Reviewer Michelle Kaye Malsbury:
Michelle was born in Champaign, IL. Currently, she resides in Asheville, NC
and is in her second year of doctoral studies at Nova Southeastern
University in Ft. Lauderdale with specialization/concentration in
conflict resolution and peace studies. She has over six hundred
articles published on the web and one book published thus far with
many more in the wings. Hobbies include; reading, writing, music, and
playing with her Australian Cattle Dog, Abu.
On page 2 (2015) Martin states “…my grandfather Alex Goldschmidt, and his younger brother, my uncle Klaus Helmut Goldschmidt, were two of the more than nine hundred Jewish refugees who attempted to flee Nazi Germany in May 1939 on board the ocean liner called the St. Louis.” This one sentence sets the tone and direction for this enthralling book. Numerous family members of Martin were killed at Auschwitz and those who made it out of Germany were brave to embark on the unknown especially aboard an oceanliner. Martin speaks about the guilt and despair that his parents seemingly never passed along to he and his siblings because they tried to keep that portion of their lives hidden. As a matter of fact they went so far as to never speak about being Jews. Martin was well into his teens before he began to seek out his religious heritage.
In Martin’s 40’s he dug into his parent’s lives in Germany so he could learn about the family he lost. He he says “I’ve come to feel a deep need to connect with that vanished generation, with those members of my family who were murdered a decade before I was born.” (2015, p.5) His father had Alzheimers and Martin went to the state to obtain guardianship. In 2009 he died. “Eleven months later…I received the …news that my brother had died. “ (p.8) “…quickly felled by a heart attack. He was sixty.”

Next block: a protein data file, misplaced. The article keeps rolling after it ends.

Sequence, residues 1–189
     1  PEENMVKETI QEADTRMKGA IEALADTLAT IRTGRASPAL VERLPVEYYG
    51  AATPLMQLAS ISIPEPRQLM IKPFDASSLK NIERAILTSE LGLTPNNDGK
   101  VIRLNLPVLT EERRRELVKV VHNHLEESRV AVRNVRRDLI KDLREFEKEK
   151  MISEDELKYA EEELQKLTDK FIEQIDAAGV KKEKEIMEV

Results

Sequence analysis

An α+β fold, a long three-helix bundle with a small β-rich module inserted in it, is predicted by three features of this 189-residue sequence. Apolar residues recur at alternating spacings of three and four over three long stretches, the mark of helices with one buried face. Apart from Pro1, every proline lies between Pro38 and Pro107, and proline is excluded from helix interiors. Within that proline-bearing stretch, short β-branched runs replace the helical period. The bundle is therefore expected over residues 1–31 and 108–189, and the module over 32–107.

Martin decided to trace his families last steps before they landed in America so he could understand the horror that they endured. He began his trip in Switzerland and then Germany. He outlines details of the castles he visited and the opulence of those structures before visiting the place where his family called home. “In 1841, the Goldschmidt family’s assets were modest: two fruit trees and a single goat.” (2015, p.20) However, that meager beginning paved the road for far more. “By the end of the decade…the Goldschmidt family fortune had soared; Levi had become a Pferdehandler, a dealer of horses.” (p.21)
Martin finds the dates of his lineage and who married whom, who had which children and more. When things heated up in Germany Martin’s family was given the opportunity to leave or get arrested. That was 1938. They spoke to the Cuban Consulate regarding emigration to Cuba because Cuba was one of the few countries that would take Jews post Pogrom. They were then able to buy tickets aboard the St. Louis and prepare for a new beginning. As it turns out this plan was foiled, but if you want to learn more you’ve got to read this book yourself because I am not going to spoil it for you!
Warmly recommended with caution.